By Jaclyn Mika (RSJ ’08)
Many of our talented alumni and faculty have stretched their writing muscles beyond journalism into the realms of fiction, non-fiction and poetry. The RSJ Book Club is an occasional series created to highlight these works. If you know of a notable grad you’d like to see featured, send us an email at email@example.com.
Gene Allen is a Professor at the Ryerson School of Journalism and was the founding director (2007-2010) of the School’s Master of Journalism program.
Prior to joining RSJ, he had an extensive and varied career as a television news and documentary producer and as a newspaper editor and reporter, including director of research and a senior producer of the CBC/Radio-Canada television series Canada: A People’s History. He also edited both volumes of the best-selling companion book to the series.
Allen was co-editor of Communicating in Canada’s Past: Essays in Media History (2009).
Allen’s book, Making National News: A History of Canadian Press, was published in 2013. It was the first-ever scholarly history of CP and detailed how journalism in Canada has depended on the Canadian Press for most of their domestic and international news.
Below is a Q/A with the author:
What interested you in the history of the Canadian Press?
I’ve always thought that news agencies were not well understood, whether by the general public, academics, or even some journalists. When I started at Ryerson in 2001, I was looking for a substantial research project dealing with some important aspect of journalism history in Canada. After making some initial inquiries at CP, it turned out that they had a large trove of archival material that no one had ever looked at, and the people in charge were willing to allow me access to this material. So I was off to the races.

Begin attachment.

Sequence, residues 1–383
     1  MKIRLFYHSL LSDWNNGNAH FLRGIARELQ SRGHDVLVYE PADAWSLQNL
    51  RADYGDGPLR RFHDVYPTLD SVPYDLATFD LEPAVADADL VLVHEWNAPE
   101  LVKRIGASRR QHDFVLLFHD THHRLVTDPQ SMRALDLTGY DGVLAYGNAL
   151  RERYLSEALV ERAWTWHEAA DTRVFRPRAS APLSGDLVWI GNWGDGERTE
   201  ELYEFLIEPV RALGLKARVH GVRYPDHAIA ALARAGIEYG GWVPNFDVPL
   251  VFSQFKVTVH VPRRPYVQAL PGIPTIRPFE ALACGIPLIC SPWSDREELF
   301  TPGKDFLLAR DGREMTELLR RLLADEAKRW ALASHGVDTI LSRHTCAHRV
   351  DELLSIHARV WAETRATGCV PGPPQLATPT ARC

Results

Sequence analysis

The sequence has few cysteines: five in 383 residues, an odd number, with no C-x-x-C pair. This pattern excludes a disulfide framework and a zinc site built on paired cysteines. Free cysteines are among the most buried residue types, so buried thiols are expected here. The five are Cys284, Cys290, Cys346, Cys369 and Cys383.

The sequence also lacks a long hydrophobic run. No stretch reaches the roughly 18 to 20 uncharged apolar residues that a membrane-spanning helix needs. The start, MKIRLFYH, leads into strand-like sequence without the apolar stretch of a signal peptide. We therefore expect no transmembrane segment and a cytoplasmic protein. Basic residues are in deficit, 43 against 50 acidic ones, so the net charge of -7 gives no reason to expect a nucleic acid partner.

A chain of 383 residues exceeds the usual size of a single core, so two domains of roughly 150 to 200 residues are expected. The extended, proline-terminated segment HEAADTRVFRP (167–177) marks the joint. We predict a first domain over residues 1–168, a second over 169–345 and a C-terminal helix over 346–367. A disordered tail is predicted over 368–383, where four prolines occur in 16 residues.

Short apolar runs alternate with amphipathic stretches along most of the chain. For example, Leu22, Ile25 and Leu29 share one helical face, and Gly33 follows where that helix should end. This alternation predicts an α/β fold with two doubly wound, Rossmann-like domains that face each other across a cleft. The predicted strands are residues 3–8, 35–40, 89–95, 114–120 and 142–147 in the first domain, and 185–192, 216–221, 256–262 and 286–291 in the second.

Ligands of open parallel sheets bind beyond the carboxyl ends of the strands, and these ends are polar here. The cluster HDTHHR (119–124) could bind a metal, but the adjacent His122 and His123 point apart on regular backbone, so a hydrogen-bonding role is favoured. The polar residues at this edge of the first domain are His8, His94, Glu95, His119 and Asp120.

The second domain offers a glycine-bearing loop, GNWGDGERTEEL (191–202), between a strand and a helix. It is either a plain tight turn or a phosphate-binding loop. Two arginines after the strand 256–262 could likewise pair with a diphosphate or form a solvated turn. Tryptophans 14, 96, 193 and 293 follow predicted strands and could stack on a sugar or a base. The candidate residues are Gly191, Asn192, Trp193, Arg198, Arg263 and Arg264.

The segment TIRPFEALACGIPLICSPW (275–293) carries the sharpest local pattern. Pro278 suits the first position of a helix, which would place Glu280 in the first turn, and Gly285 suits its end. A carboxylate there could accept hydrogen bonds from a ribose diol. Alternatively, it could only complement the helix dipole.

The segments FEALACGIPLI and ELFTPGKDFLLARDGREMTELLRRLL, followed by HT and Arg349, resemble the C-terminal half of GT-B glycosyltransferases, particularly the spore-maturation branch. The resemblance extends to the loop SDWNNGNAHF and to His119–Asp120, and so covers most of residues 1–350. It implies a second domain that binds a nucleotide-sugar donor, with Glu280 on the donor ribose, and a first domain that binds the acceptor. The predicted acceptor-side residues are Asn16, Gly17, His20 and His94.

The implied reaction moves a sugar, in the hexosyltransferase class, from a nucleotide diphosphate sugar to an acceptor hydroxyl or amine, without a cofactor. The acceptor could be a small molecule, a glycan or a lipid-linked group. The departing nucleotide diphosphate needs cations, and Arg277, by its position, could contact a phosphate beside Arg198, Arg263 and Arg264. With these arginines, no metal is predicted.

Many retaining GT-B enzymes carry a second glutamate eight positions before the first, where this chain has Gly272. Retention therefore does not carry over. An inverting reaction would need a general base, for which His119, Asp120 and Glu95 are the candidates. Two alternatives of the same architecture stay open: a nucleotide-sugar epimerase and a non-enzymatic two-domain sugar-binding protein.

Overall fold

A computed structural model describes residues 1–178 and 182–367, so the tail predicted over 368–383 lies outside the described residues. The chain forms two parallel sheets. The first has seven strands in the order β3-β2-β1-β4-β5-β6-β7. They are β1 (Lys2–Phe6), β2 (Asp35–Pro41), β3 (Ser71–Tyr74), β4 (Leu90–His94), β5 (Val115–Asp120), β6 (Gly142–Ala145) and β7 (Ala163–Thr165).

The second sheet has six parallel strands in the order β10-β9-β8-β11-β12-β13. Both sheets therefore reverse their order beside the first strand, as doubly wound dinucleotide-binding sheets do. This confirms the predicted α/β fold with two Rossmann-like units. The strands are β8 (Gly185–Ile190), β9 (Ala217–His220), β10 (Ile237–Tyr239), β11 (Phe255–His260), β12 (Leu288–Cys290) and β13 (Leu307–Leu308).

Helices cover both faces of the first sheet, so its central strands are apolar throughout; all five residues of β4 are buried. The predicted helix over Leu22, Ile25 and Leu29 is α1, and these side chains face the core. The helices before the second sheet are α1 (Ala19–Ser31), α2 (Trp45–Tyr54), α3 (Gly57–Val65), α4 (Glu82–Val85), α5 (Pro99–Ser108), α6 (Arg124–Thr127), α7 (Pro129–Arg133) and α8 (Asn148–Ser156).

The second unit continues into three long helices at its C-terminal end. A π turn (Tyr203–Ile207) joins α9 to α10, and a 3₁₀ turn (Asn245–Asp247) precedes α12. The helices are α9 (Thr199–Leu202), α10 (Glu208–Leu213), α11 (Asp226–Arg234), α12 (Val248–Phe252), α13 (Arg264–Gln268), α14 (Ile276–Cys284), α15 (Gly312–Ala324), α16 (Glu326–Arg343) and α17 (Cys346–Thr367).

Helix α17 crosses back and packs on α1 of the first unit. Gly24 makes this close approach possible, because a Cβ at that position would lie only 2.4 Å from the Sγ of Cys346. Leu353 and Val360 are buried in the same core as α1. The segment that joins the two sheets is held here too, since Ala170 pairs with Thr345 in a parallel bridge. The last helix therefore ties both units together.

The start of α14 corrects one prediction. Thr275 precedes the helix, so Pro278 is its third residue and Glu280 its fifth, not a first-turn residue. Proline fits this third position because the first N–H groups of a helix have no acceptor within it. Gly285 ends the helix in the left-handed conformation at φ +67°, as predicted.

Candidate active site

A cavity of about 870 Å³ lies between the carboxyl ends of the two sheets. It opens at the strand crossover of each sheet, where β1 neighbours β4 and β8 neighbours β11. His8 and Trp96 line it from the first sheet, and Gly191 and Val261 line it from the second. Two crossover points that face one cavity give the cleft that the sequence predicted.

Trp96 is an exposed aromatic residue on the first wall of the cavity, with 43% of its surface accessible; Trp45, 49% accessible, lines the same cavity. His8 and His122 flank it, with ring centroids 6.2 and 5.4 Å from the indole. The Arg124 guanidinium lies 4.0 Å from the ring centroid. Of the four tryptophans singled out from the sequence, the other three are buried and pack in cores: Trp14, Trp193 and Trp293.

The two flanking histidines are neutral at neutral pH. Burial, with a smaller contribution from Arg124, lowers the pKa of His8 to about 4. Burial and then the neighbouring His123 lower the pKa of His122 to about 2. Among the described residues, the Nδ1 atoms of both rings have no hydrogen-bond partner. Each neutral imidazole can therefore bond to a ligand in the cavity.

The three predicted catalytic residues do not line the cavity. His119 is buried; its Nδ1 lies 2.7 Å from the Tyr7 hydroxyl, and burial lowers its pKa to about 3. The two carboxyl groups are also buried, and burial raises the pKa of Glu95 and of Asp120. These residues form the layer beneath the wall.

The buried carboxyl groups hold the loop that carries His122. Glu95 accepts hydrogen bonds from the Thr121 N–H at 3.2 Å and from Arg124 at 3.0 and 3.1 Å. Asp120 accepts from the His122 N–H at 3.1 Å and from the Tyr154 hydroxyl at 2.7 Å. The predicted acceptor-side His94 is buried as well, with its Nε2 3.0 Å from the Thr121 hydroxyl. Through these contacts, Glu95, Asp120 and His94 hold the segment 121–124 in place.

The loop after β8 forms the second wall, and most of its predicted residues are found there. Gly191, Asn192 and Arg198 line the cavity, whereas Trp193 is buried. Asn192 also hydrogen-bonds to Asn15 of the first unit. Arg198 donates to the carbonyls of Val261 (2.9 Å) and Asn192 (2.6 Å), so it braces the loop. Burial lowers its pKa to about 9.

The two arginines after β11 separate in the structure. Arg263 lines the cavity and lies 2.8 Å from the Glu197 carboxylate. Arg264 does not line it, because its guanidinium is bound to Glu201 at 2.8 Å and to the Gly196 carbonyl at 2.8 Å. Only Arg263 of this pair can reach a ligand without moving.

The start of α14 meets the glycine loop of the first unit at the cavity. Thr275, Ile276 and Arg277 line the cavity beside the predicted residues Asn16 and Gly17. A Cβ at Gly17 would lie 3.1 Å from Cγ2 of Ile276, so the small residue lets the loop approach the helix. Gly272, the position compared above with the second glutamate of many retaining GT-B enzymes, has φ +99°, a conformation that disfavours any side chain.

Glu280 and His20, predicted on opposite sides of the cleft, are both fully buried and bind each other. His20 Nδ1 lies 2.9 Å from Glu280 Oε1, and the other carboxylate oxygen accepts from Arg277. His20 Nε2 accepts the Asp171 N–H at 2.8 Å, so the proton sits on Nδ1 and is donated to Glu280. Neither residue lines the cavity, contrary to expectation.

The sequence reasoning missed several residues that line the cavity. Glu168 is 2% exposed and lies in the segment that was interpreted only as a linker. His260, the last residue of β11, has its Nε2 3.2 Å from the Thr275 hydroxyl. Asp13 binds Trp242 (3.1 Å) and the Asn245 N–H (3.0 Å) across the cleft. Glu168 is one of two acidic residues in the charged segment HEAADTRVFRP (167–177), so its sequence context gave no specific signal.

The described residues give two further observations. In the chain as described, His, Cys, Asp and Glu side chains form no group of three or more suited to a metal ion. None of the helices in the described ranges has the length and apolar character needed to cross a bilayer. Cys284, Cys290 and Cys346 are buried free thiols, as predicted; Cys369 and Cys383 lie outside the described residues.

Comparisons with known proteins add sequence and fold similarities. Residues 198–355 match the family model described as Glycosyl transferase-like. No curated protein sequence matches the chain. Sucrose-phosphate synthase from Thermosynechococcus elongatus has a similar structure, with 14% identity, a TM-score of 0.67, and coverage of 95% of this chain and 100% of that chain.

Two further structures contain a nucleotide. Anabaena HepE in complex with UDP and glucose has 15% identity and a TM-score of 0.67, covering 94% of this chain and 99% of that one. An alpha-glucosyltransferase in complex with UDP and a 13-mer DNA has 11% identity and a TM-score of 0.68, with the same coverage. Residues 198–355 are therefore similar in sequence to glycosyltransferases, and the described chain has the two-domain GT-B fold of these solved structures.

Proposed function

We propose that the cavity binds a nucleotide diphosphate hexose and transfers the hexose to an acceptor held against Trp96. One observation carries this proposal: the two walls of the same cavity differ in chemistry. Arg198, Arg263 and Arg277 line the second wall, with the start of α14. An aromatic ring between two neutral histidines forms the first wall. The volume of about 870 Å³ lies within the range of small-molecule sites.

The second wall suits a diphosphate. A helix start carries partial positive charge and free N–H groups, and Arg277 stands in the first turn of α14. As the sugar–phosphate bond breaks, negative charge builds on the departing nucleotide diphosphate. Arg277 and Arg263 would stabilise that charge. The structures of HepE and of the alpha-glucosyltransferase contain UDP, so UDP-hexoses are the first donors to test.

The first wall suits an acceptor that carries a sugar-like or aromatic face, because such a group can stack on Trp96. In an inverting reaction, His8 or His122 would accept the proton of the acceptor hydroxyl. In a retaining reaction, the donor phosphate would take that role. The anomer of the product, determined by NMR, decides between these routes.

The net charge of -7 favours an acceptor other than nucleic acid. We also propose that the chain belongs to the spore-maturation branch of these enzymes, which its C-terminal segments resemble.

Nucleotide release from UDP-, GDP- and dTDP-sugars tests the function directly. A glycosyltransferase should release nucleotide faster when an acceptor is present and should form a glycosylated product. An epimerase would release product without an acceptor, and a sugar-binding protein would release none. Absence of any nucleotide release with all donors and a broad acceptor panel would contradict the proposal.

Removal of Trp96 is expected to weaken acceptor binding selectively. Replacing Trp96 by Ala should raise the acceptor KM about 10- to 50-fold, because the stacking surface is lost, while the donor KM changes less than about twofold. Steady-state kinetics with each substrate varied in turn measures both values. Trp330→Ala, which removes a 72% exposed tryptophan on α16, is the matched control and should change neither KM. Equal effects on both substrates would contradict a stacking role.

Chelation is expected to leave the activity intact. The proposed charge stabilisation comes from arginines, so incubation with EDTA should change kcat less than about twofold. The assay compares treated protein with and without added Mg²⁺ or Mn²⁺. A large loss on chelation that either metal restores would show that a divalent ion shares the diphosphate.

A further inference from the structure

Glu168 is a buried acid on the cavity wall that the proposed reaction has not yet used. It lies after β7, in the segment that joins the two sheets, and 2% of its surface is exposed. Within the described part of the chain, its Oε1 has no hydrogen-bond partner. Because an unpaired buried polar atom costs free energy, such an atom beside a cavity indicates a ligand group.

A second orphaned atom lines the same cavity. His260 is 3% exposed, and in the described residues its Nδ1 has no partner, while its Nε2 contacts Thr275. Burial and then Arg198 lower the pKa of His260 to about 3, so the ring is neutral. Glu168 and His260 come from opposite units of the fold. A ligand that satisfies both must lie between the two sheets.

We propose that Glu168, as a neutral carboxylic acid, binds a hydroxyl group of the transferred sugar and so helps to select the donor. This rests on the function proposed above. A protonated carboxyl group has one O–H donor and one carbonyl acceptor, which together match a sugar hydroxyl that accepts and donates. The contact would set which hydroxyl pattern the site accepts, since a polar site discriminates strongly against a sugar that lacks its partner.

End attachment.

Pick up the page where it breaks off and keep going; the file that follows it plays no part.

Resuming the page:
Why was it a story you wanted to tell?
Several reasons. One is that this is a big part of Canadian journalism history in the 20th century that had never been told. (There is an earlier book about CP’s history written by one of the organization’s founders, but for all its value it is definitely not an arm’s-length account.) I was also interested in the whole idea of nationalism and nationality as largely cultural phenomena (as suggested by Benedict Anderson), and thought that an explicitly national news agency like CP would provide a great opportunity to examine how this actually worked out in some detail.
Why do you think it’s important for people to know this history? What do you want them to take away from the book?
For most of the 20th century, CP was by far the most important source of national and international news for most Canadians. So it seemed important to understand how CP was established, how it evolved, and how it went about doing its work.
What was the most interesting (or strangest or most frustrating) thing you learned while researching/writing this book?
It’s difficult to single out just one thing because there were a lot of things that surprised me. One major and unexpected finding was that the US news agency Associated Press played a strongly directive role in CP’s founding in 1917. If not for a threat by AP to cut off the inexpensive international news it provided to Canadian newspapers, CP might never have come into existence as a genuinely national organization. Then there’s the story of the initial government subsidy that papered over regional divisions about cost-sharing and how it was lost when CP refused to provide news service to a new newspaper in Ottawa backed by the Liberal Party in 1923 …